The temporal profile of postactivation potentiation is related to strength level
Lippincott Williams and Wilkins
Faculty of Health, Engineering and Science
School of Exercise and Health Sciences / Centre for Exercise and Sports Science Research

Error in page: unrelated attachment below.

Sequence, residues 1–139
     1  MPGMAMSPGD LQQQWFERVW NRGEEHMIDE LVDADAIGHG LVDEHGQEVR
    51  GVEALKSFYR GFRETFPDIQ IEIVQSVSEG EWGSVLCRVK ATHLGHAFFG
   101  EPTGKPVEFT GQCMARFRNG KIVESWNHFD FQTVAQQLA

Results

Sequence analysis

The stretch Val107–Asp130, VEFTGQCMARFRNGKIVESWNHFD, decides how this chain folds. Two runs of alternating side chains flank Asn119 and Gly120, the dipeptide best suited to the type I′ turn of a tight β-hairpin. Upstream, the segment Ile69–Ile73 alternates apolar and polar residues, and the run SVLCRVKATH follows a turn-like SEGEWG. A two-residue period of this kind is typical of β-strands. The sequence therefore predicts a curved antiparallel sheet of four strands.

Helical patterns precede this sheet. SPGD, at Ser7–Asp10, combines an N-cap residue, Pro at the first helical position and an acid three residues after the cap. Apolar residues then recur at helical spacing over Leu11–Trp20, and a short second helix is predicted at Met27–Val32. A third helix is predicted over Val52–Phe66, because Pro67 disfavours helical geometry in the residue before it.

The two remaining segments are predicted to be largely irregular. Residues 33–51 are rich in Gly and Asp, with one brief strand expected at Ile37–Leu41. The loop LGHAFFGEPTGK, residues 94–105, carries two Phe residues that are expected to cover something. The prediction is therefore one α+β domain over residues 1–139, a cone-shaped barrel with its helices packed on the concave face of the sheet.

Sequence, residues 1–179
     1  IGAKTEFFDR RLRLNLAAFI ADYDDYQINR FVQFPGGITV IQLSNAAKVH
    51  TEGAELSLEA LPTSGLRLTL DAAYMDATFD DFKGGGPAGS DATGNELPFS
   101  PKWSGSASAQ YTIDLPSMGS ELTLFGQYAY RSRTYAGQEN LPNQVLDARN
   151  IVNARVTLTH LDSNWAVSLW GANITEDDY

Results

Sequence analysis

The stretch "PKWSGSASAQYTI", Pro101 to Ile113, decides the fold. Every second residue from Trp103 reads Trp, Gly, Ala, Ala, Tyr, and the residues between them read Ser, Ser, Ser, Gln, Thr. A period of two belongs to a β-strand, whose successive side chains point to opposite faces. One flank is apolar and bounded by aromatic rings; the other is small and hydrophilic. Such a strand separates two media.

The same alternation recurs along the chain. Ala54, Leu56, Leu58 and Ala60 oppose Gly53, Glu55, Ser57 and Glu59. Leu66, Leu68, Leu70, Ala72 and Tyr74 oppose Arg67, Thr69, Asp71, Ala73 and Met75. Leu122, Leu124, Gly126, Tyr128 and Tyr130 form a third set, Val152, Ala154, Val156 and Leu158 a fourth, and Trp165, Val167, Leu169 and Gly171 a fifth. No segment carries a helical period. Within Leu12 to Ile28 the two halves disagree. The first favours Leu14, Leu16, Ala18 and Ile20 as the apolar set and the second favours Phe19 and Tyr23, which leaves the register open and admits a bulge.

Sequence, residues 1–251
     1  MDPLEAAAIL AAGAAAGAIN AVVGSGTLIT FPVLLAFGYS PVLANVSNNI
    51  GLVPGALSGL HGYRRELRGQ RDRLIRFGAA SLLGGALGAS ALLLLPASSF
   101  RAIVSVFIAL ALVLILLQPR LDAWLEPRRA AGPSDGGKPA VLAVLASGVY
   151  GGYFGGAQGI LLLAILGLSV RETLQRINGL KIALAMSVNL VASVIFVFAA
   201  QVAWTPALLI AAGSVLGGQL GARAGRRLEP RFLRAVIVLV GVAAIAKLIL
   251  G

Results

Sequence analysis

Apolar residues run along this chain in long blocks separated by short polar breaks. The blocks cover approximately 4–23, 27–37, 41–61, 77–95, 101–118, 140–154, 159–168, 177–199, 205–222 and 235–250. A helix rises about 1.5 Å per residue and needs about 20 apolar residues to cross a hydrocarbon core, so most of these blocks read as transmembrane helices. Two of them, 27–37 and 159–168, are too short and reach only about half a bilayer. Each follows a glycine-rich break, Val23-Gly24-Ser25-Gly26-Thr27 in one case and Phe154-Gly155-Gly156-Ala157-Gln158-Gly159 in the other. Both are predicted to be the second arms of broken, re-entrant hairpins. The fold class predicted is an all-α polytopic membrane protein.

The purpose of this investigation was to determine whether stronger individuals are able to express postactivation potentiation (PAP) earlier than weaker individuals during a vertical squat jump test. Eighteen junior elite rugby league players were divided into strong (relative 1 repetition maximum [1RM] back squat mass) and weak (relative 1RM back squat ≤2.0 3 body mass) groups. Each subject performed squat jumps before, 15 seconds, 3, 6, 9, and 12 minutes after a conditioning activity (CA) that contained 1 set of 3 back squats performed at 90% of 1RM. A force plate, which sampled at 1000 Hz, was used to determine the power output and height for each squat jump. Stronger individuals expressed PAP between 3 and 12 minutes post-CA, whereas their weaker counterparts displayed potentiation between 6 and 12 minutes post-CA. Moreover, the stronger group exhibited a significantly (p < 0.05) higher PAP response than the weaker group at all post-CA squat jump tests. The stronger group displayed the greatest potentiation at 6 minutes post-CA, whereas the weaker group displayed the greatest potentiation response at 9 minutes following the CA. Based on these results, stronger individuals appear to be able to express PAP earlier after a CA than weaker individuals. Additionally, stronger individuals express significantly greater postactivation responses than weaker individuals. From a practical standpoint, strength and conditioning coaches should consider the athletes' strength levels when constructing postactivation complexes (CA + performance activity) as strength will dictate the time frame required between the conditioning and the performance activity.